Any outcome of the current negotiations between Greece and its European creditors won’t satisfy either party.
As the Eurozone and Greece go through the last hours of a negotiation to ensure the release of additional funds from the previous agreement, and possibly setting the basis for the next one, it is becoming clear that a lack of trust is holding back a sustainable agreement.
The latest leaked Greek proposal and the Eurozone counterproposal is full of details and discussions around technical issues (for example, whether the pension reform is effective from October 31st or July 1st), which suggest the outcome of this negotiation are unlikely to satisfy any of the parties.
Reading between the lines of the technical details we see the Eurozone asking Greece for a strong package of front-loaded fiscal measures many of which the Greek government wanted to avoid as they go against the electoral platform on which they were elected.
It would be very easy to criticise Germany, Brussels (and the IMF) for failing to see that we are possibly making the same mistakes as in previous agreements and that this one is also bound to fail. But the reality is that it is very difficult to imagine any other type of agreement given the lack of trust between the two parties.
Growth is needed
Many argue that this government should not be asked to pay for the mistakes of previous governments. After all, Syriza was not in power when the Greek government and the Greek economy were running very large deficits. This is correct but it is also true that Syriza was not elected on a platform of economic reform, even if some of the economic reforms being discussed are not contrary to their ideas.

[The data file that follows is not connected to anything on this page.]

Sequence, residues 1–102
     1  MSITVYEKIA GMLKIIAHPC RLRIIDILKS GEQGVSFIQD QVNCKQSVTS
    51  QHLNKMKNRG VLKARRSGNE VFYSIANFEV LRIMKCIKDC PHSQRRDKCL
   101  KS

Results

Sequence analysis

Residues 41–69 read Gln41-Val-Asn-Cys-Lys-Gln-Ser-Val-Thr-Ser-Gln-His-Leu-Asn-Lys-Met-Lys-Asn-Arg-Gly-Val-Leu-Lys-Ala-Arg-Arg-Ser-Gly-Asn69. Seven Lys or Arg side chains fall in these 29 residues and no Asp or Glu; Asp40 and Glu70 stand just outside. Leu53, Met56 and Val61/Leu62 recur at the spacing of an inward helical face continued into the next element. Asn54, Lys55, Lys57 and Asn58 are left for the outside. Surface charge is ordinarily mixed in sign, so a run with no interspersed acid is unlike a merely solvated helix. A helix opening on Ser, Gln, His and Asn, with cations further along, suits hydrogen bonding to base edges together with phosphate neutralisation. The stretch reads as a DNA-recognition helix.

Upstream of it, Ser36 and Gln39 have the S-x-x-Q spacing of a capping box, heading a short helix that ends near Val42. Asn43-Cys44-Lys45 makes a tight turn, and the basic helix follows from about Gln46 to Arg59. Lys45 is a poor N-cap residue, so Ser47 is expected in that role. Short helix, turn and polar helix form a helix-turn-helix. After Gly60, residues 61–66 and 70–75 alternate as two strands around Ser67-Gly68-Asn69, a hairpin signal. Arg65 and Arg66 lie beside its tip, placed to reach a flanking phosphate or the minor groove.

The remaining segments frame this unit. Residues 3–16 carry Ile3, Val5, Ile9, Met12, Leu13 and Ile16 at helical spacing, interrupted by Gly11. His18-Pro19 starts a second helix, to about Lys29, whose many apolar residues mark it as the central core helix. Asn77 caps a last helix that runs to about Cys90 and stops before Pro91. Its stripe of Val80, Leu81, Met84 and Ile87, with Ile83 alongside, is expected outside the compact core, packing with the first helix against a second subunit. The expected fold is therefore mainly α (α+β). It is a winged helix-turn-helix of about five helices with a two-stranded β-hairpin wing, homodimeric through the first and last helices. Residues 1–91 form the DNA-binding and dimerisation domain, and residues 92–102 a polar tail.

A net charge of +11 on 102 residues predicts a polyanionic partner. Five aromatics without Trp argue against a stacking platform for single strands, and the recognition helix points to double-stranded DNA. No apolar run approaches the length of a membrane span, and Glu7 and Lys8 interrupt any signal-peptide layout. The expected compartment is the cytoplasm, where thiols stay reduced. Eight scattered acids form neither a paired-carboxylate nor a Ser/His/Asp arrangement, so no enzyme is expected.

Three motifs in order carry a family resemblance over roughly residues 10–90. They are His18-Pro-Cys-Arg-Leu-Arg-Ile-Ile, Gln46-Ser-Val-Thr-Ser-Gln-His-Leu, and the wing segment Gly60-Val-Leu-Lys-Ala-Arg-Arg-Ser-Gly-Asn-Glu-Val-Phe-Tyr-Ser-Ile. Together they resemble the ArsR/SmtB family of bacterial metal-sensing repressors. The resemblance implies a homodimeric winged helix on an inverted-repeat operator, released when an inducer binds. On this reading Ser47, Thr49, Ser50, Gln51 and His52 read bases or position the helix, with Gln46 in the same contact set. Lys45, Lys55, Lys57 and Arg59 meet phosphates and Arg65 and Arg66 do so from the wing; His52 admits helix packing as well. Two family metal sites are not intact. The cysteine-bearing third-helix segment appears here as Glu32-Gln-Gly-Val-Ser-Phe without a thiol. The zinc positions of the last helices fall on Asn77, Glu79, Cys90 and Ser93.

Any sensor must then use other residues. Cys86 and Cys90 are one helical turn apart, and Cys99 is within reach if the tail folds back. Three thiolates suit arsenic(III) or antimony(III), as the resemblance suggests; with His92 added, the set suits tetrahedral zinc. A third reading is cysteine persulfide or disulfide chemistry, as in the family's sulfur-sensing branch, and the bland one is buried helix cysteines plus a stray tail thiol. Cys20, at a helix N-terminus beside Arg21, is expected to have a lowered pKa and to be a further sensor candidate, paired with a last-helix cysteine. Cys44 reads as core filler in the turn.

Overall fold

I am very sympathetic to the logic of Greek finance minister Yanis Varoufakis that Greece needs growth first and that insisting on fiscal austerity will not deliver the growth the country needs. But I also understand the Eurozone view when negotiating with a Greek government that was elected on a platform that doesn’t promise to deliver sustainable growth. Because of the lack of trust, what the Eurozone is looking for in this negotiation is a strong early commitment from the Greek government that it is willing to take steps that might go against its own electoral platform. In an ideal world those steps would all be fostering growth and reforms in an environment where demand is not a constraint for growth. But many reforms cannot be implemented in the short run so the only way to get a signal of commitment is to use a set of fiscal measures to improve primary balances, exactly what the Greek government wanted to avoid.
Here we go again
So we are back to a proposal that looks very much like the previous ones and even if there is an agreement over the coming hours or days, we will very likely witness yet another negotiation between Greece and the Eurozone once it is clear that the current plan will not work.
This reflects a negotiation that started without trust between the two parties and where the only possible outcomes were both suboptimal: either another unrealistic agreement or a breakup of the negotiations, which leads to a Greek default and possibly exit from the Euro area. In the next days we will see which of the two (bad) scenarios turns into reality.